I hope this post has given you a more realistic idea about running a fully remote company!


Arunkumar Muralidharan

I want to find out what conditions produce remarkable software. A few years ago, I chose to work as the first professional tester at a startup. I successfully won credibility for testers and established a world-class team. I have lead the testing for early versions of multiple products. Today, I run Qxf2 Services. Qxf2 provides software testing services for startups. If you are interested in what Qxf2 offers or simply want to talk about testing, you can contact me at: mak@qxf2.com. I like testing, math, chess and dogs.

2 Comments

  1. Anonymous said:

    is this for all peoples or only senior staff? how you know your employees are working 40 hours per week? what happens when there is emergency? when you give too much freedom people misuse. how can that be prevented?

    October 7, 2018
    Reply
    • is this for all peoples or only senior staff?

      We allow (and encourage) remote work for all employees.

      how you know your employees are working 40 hours per week?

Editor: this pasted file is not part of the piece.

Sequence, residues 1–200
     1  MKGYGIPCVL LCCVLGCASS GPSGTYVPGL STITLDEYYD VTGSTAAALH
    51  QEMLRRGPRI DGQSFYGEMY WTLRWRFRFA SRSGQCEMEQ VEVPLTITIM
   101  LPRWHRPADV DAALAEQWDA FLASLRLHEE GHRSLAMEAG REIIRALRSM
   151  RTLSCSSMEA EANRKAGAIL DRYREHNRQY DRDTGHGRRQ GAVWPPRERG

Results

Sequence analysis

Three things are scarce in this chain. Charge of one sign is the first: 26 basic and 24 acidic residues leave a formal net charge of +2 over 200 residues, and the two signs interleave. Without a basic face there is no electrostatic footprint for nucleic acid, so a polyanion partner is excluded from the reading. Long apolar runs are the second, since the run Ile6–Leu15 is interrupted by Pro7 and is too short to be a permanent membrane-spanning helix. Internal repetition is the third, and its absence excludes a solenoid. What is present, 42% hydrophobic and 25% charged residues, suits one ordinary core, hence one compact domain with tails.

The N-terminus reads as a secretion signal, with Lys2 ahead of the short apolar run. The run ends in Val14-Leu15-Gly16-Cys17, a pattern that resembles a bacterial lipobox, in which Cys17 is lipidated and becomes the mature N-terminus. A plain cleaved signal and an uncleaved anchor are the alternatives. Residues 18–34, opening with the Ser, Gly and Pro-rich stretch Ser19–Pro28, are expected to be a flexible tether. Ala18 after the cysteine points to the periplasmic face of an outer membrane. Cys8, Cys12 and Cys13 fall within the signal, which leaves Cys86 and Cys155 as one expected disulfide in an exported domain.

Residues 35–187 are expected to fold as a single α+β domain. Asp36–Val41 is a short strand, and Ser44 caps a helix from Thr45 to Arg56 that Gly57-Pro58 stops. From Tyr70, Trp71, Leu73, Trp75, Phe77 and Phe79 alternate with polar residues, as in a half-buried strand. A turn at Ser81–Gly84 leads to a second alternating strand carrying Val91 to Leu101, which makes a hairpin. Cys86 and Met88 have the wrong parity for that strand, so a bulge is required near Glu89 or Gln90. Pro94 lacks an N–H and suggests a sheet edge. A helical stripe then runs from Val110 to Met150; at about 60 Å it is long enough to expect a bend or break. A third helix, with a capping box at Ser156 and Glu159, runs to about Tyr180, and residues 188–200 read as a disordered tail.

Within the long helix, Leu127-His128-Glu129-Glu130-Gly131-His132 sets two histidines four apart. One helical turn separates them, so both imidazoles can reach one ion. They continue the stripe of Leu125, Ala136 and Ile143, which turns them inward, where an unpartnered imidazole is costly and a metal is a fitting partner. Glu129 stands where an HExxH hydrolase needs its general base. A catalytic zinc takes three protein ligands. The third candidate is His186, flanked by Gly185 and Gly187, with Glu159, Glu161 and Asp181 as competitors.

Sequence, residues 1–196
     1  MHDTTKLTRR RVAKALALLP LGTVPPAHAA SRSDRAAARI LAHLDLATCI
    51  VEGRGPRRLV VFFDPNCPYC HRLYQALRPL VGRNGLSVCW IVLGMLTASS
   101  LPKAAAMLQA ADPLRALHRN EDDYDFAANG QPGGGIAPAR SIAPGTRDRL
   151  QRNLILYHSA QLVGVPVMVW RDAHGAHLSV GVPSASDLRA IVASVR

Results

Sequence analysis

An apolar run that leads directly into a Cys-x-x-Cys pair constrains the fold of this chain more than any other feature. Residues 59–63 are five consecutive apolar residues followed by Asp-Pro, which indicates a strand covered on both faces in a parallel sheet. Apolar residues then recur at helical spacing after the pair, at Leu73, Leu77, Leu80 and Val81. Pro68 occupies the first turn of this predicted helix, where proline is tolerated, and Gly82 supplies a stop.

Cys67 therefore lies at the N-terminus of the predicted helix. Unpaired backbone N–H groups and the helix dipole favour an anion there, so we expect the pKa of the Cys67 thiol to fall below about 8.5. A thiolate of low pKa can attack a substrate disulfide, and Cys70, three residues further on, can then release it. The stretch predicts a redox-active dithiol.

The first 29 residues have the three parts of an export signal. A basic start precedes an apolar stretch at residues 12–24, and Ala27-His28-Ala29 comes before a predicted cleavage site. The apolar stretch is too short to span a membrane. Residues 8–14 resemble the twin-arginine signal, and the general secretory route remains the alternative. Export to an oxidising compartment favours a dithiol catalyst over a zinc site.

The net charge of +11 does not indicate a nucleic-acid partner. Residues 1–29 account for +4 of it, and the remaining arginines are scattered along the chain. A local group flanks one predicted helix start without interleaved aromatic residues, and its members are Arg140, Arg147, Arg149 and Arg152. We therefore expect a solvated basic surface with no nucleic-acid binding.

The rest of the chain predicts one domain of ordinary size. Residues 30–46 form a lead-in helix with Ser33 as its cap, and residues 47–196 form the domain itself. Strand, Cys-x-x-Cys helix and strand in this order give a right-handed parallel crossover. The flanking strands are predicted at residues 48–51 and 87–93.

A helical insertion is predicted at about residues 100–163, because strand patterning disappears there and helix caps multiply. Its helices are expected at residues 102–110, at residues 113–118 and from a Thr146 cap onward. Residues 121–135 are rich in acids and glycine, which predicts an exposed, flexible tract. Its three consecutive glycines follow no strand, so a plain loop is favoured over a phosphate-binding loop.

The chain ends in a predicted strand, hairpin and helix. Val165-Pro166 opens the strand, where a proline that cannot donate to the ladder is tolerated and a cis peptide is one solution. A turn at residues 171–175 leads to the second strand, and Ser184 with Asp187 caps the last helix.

Ah, honestly, there is no way to know if your employees are working 40 hours per week even when they are present in the office. The best I can do is to ensure they are present at work for 40 hours/week. This takes slightly different rules, a few systems and some forethought right from the hiring stage. One rule that helped us was that each employee can choose any 8-hours they plan to work but it should be consistent through the year. When they deviate from their normal routine, they post on a public Skype channel that they are stepping out and approximately when they will return. If they know in advance they will not be available, they additionally update their calendars too.

      what happens when there is emergency?

      I don’t think I understand the question. If there is an emergency, the employee obviously skips work and takes care of their emergency. This is true whether they work remote or come to the office, no?

      when you give too much freedom people misuse. how can that be prevented?

      I don’t really see this as me ‘giving freedom’ to anyone. This is the system that works for me. As noted in the post, we do a lot to protect our ability to work remote. But I totally understand that I am lucky to have stumbled upon sincere employees whom I can trust. And that one or two bad apples can upset our culture. For now, I have steeled myself to be harsh on anyone who is seen exploiting the system rather than punish everyone. Time will tell if this is a good choice or not.

      October 10, 2018
      Reply